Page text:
Growing up, Bertin Nahum was not too passionate about education as he excelled more in sports, especially boxing.
But after his math teacher made him recognize his ease with science and encouraged him to pursue engineering studies, Nahum decided to become an inventor and would later be able to convince surgeons to have his robot in their operating room.
Since 2007, Rosa, the robot by the French man of Beninese origin has become operational in more than fifteen hospitals in the world.
“I may say it is a kind of GPS. Thanks to this machine, the surgeon is going to be able to exactly reach a zone of the brain and instead of making freehand operation, it is the arm of the robot that is going to act,” explained Nahum.
“It can turn out very useful to put an electrode or realize the puncture of a tumour,” he added.
Nahum’s journey in robotics started in 2002 with the creation of a company called Medtech that specialized in the manufacturing of robots assisting doctors in surgical operations on knees.
The road to his success has not been easy though. Born in Dakar, Senegal in November 1969 in a family of eight children, his parents, who were originally from Benin, decided to migrate to France when he was a year old.
They lived in the suburbs of the city of Lyon but things went sour when Nahum lost both parents and was forced to live in a youth shelter until he was 18.
After obtaining his high school diploma in the science field, Nahum enrolled at the National Institute of Applied Sciences (INSA) of Lyon upon the advice of his teacher. There, while going through studies in electronics, Nahum realized his dream in robotics.
A Master’s degree in robotics at the University of Coventry in the United Kingdom made him discover medical robotics after he was given the opportunity to take part in a project of software design in collaboration with the neurocardiology department of the city’s hospital.
He got closer to surgeons, accompanying them during their interventions, to get an in-depth knowledge of happenings in the operating room.
“These years allowed me to acquire more knowledge of the surgical robotics sector and to identify areas where I could contribute,” he said.
He applied his knowledge in the development of solutions for orthopaedic surgery, cardiac surgery, urology, and brain surgery (neurosurgery).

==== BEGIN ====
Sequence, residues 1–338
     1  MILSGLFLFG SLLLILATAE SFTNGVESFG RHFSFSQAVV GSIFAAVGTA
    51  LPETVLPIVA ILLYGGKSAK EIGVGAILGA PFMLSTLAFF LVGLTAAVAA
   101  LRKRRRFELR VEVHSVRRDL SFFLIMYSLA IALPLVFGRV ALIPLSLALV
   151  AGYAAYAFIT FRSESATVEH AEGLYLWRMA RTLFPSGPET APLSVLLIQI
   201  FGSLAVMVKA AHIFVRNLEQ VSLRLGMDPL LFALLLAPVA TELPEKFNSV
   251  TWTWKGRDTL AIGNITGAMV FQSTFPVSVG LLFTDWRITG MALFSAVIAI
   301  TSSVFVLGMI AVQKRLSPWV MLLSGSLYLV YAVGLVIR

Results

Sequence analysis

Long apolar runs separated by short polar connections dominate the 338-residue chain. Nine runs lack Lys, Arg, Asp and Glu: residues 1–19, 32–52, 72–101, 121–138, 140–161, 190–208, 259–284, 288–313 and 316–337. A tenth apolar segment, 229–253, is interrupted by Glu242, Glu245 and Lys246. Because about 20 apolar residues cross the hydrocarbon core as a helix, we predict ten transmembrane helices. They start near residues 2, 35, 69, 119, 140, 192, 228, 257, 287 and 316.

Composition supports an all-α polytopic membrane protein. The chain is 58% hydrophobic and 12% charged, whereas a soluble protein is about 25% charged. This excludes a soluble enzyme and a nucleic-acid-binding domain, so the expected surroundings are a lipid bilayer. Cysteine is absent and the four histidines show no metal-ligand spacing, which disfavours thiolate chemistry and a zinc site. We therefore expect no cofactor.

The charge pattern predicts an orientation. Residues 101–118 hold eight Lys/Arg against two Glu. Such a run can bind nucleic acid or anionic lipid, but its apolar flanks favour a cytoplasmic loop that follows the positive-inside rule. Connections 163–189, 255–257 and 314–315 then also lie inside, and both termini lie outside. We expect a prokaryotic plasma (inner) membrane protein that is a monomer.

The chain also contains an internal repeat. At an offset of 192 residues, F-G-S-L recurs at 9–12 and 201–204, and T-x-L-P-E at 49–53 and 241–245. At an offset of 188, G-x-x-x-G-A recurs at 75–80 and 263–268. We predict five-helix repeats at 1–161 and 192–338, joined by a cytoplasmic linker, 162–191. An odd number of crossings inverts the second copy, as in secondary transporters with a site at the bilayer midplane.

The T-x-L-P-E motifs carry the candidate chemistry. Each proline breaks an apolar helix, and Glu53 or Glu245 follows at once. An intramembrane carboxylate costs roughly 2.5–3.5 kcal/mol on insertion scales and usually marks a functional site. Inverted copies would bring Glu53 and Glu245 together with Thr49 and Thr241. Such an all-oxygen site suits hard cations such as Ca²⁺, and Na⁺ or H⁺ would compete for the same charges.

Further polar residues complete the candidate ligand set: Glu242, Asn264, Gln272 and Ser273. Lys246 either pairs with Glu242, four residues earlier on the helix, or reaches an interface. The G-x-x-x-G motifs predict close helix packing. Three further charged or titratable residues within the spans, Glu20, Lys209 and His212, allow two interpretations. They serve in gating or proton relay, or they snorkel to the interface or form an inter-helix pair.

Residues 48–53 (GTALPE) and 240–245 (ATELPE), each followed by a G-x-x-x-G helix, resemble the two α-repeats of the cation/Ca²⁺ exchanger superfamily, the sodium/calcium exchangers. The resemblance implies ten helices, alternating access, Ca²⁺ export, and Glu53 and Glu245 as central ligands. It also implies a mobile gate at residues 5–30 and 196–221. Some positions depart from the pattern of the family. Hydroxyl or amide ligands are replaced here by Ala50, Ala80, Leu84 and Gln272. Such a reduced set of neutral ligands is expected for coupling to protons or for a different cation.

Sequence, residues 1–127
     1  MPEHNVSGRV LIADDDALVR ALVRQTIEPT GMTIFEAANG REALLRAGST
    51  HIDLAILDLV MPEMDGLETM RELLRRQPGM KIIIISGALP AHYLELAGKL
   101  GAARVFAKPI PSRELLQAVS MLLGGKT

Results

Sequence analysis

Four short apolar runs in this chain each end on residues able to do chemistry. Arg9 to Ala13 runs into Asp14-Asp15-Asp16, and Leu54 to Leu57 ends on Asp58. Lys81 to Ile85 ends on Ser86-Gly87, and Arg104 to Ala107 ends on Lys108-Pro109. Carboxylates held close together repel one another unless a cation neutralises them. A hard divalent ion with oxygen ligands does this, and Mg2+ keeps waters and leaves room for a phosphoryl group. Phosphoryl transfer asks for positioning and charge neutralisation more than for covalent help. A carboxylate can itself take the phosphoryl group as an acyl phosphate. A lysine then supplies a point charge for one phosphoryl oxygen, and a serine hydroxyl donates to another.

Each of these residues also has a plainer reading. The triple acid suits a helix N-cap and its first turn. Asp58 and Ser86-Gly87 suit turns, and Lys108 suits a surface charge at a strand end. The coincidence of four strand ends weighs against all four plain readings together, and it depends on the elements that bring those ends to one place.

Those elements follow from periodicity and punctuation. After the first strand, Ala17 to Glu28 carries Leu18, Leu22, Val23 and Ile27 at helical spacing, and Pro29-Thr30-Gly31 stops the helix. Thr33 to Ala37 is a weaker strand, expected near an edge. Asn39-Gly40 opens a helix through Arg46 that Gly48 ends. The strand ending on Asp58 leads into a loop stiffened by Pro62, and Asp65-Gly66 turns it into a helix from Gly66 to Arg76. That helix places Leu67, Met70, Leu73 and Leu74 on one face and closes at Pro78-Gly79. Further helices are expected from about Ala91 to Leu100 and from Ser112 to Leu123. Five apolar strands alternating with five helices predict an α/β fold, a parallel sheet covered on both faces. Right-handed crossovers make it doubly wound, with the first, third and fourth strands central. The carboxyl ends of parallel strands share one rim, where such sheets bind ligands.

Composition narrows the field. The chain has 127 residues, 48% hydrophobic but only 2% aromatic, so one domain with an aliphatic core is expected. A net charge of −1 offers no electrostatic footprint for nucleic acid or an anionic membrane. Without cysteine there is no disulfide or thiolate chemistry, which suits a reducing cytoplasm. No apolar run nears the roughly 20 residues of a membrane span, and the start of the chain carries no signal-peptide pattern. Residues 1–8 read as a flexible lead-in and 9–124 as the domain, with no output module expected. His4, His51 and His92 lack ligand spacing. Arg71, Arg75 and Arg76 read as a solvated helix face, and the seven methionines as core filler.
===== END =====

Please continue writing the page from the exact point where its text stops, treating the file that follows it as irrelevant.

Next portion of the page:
Nahum set up Medtech in 2002 with a prize money he got from an innovative technology competition and the proceeds from the sale of his car.
His first project was a robot for knee surgery called Brigit but had to sell the patent to an American orthopaedic surgery company Zimmer due to financial constraints in producing his invention.
With additional funding, he was later able to produce the complex robot he had dreamed of for years, Rosa.
This robot that costs 300,000 euros ($348,975) comes with an articulated arm that allows neurosurgeons to position their instruments in a more precise manner.
“And indeed, Rosa is almost human, when you look at everything she can do. Her biggest advantage is that it she allows surgical instruments to be inserted through small incisions in the skin, thus minimizing the amount of skin and tissue to be removed, reducing exposure and the size of the exploration area. This is called minimally invasive surgery, as opposed to open surgery where the surgeon opens the area he wants to operate by making a large incision to have a wide field of vision and access direct to guide and manipulate his instruments,” according to an article on umurage.org.
Rosa, approved by the U.S. regulating body, the FDA, has since become vital for operations on patients with brain tumors, Parkinson’s disease, and epilepsy.
In September 2012, Nahum was classified fourth revolutionary entrepreneur in the world behind the Americans Steve Jobs, Mark Zuckerberg and James Cameron by the scientific magazine, Discovery Series.
His company, Medtech, would go on to win several awards before he sold it in 2016 to Zimmer for a reported $132 million.
Bertin has since launched a new company called Quantum Surgical that will also specialize in surgical robots.
Rosa is still saving lives as reports say approximately 4,000 procedures have been performed with the robot in more than 70 hospitals and clinics around the world.